Given this juicy narrative pitting a corrupt dictator with dictatorial power and world ambition against the flailing United States, what did the media choose to highlight?
The media have centered the Sochi Olympics drama entirely on the question of whether gays and lesbians in Russia can kiss in public – even as Russia continues to fund nuclear development for a country that hangs gays. The truth is that while Russian treatment of gays and lesbians is abysmal, it ranks somewhere near the middle of the pack in terms of global treatment: homosexuality is fully legal in Russia, and less than a dozen people have been arrested under the infamous anti-gay propaganda law. This isn’t quite Kristallnacht.
Now, this isn’t an argument that gays in Russia don’t face discriminatory attacks. The official Russian statistics on anti-gay attacks are almost meaningless, with even Russia’s RT.com explaining, “assaults are rarely reported, and almost never recorded as hate crime incidents.” And there have been some incredibly disturbing and horrifically evil attacks on gays.
But anti-homosexual laws are part of a broader problem in Russia: a problem of oppression and corruption, of lost power and attempts to reclaim it. So why not focus on the real problem of Russia? Why not draw a moral narrative pitting American freedom against Russian repression and expansionism?
There’s a rationale for that failure of narrative: were the press to point out Russia is a threat to US interests, the press would have to acknowledge that President Obama is weak. The press would have to openly recognize that Obama has been bested by a two-bit KGB bully. Obama, in other words, would have to lose.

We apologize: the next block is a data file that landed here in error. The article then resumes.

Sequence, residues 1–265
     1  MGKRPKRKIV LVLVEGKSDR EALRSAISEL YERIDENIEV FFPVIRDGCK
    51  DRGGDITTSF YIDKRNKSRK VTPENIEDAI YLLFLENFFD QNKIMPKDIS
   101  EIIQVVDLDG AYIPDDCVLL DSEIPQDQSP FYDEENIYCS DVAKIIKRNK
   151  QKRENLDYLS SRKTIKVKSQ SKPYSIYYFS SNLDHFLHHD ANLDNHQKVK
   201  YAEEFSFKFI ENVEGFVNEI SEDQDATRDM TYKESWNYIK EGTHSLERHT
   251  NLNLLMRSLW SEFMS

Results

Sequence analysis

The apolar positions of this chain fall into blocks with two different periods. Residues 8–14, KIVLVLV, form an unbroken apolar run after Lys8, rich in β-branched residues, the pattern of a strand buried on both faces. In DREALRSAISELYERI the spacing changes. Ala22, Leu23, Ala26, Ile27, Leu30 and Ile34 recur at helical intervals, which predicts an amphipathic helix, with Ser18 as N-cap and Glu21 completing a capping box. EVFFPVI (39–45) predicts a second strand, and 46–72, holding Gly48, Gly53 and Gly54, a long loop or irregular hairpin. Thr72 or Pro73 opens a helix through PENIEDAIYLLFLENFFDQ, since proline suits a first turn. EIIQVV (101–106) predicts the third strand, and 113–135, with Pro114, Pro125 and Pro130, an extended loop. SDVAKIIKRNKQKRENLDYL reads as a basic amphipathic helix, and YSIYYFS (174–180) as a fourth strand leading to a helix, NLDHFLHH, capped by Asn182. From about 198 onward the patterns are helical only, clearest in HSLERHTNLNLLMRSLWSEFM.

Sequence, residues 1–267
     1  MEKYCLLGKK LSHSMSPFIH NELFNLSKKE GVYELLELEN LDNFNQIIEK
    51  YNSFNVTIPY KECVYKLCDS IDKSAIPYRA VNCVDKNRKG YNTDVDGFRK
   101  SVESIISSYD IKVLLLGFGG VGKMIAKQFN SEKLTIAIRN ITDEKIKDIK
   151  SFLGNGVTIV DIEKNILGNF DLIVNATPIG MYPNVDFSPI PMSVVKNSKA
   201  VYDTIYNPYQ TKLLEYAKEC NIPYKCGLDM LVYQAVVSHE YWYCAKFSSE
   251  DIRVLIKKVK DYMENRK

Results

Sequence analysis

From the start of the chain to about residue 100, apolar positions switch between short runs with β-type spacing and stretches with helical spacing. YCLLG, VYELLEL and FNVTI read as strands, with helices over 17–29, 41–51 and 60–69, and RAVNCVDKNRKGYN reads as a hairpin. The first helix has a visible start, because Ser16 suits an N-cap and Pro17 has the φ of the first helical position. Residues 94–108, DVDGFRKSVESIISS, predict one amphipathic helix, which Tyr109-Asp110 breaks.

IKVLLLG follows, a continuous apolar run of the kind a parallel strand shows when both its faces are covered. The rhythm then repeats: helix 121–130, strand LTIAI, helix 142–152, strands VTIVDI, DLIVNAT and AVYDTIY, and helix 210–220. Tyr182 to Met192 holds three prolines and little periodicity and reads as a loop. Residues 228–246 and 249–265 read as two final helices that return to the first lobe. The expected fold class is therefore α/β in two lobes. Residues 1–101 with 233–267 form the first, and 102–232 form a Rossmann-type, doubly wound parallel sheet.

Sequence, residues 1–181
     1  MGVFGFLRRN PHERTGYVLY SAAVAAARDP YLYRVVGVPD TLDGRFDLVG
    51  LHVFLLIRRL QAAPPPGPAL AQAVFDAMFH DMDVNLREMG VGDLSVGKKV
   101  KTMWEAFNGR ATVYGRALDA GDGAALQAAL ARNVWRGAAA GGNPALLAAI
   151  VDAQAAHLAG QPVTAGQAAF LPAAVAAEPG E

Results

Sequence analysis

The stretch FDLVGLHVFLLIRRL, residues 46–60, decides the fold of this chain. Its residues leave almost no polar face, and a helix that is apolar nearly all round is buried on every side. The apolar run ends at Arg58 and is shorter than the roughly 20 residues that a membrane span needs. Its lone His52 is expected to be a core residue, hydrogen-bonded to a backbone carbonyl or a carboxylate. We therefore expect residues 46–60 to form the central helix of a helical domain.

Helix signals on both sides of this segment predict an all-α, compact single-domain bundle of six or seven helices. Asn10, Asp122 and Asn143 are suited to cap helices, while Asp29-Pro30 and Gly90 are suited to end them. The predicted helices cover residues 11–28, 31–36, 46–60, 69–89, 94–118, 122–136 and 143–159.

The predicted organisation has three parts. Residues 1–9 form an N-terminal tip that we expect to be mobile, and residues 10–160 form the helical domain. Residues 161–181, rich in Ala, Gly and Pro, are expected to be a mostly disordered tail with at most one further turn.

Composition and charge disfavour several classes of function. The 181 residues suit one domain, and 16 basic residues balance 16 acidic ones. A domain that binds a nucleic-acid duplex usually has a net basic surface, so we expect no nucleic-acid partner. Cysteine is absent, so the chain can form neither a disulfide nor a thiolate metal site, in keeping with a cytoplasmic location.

Instead, the media turned to portrayals of Russia as a laughing stock, unable to build hotels with working doorknobs and struggling to rid the neighborhood of stray dogs while quixotically hunting gays. Journalists who have said nothing about Russia’s support for the slaughter of 100,000 in Syria complained about their toilets not flushing in Sochi and the plight of gays in a city with two gay bars.
This isn’t high drama. This is low comedy. And low comedy doesn’t draw ratings.
Simply put, the Olympics is now boring. Sports thrives on competition. Given the narrative put forward by the media, few Americans truly care whether we beat the Russians. And as it turns out, few Americans are obsessed enough with luge to tune in without any added drama.
A good story makes for a good Olympics. In order to protect President Obama, the media provided a mediocre story. No wonder the Olympics is such a drag.
Ben Shapiro is Senior Editor-At-Large of Breitbart News and author of the New York Times bestseller “Bullies: How the Left’s Culture of Fear and Intimidation Silences America” (Threshold Editions, January 8, 2013). He is also Editor-in-Chief of TruthRevolt.org. Follow Ben Shapiro on Twitter @benshapiro.